W. J. C. Assembly Hears Report on Effect of Protests on Soviet Jewry
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W. J. C. Assembly Hears Report on Effect of Protests on Soviet Jewry

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Jewish complaints against the mistreatment of Soviet Jewry have resulted in minor concessions by the Moscow authorities in regard to the position of the Jews in the Soviet Union, the World Jewish Congress plenary assembly was told here today.

That assertion was made at the session by Alex L. Easterman, of London, director of the WJC department of international affairs. “Soviet authorities,” he said, “have been denying indignantly any official or semi-official bias of action against Soviet Jews. Nevertheless, the truth of our complaints and the validity of our protests regarding Soviet Jews have been proven by the fact that minor concessions were made lately, and minor improvements have occurred in the situation of Russian Jewry.”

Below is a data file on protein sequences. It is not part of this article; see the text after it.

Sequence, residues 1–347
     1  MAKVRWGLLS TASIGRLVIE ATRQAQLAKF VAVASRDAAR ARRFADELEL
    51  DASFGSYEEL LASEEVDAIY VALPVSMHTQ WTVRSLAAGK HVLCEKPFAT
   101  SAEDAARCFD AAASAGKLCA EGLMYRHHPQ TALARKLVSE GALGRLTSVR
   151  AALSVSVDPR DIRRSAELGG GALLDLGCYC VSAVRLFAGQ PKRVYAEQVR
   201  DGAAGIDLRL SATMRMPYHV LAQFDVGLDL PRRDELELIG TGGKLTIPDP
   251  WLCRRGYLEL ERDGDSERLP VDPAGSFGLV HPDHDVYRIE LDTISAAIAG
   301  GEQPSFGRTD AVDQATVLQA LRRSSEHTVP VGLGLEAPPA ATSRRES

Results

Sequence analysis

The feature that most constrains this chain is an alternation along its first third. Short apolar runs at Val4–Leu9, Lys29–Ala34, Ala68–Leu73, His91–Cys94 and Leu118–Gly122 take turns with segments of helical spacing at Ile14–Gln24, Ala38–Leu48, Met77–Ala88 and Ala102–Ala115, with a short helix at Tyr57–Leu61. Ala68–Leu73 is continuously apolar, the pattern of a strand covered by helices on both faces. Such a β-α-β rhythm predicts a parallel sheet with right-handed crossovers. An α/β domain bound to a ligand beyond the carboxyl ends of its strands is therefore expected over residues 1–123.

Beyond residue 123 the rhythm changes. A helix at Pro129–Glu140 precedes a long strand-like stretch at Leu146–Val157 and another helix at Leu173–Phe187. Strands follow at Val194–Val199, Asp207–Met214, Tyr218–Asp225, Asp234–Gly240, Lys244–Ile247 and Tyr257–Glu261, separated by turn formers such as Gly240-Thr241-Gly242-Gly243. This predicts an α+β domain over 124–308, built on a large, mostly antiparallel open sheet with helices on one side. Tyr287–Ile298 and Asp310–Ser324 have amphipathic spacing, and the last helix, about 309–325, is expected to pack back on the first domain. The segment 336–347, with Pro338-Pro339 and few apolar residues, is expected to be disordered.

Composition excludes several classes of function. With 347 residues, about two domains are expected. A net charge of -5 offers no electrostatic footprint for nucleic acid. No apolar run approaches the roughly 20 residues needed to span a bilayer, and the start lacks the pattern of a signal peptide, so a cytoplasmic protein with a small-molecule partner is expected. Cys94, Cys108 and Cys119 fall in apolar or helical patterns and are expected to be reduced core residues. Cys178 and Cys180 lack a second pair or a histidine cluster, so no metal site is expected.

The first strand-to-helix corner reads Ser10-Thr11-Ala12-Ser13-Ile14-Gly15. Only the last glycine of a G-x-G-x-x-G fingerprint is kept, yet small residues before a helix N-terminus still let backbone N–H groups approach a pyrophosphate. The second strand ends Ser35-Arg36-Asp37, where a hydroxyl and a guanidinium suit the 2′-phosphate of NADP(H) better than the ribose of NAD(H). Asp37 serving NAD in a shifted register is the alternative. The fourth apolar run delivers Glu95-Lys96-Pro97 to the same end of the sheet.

These concessions “touch only the fringe of the problem,” Mr. Easterman stressed. He reported that the WJC has constantly pointed out to Soviet representatives that “a genuine change in the situation of Soviet Jewry would earn the applause of not only the Jews around the world but of non-Jews as well.”

The Congress made public today a letter addressed to the WJC president, Dr. Nahum Goldmann, from the Council of Jewish Communities of Czechoslovakia, which had been invited to send representatives to the plenary assembly. While noting that the Council would not send anyone to attend the parley, the letter said:

“This certainly does not mean that our attitude toward the World Jewish Congress is negative. We are, and want to be still more, in permanent contact with Jewish organizations, particularly the World Jewish Congress. We presume that our absence will not be interpreted as our disinterestedness. We would welcome personal contact between the representatives of your organization and ours, both in this country and abroad.” The letter was signed by Frantisek Fuchs, acting president of the Council. Added was a separate letter joining with the first the same sentiments from the Jewish communities in Slovakia.

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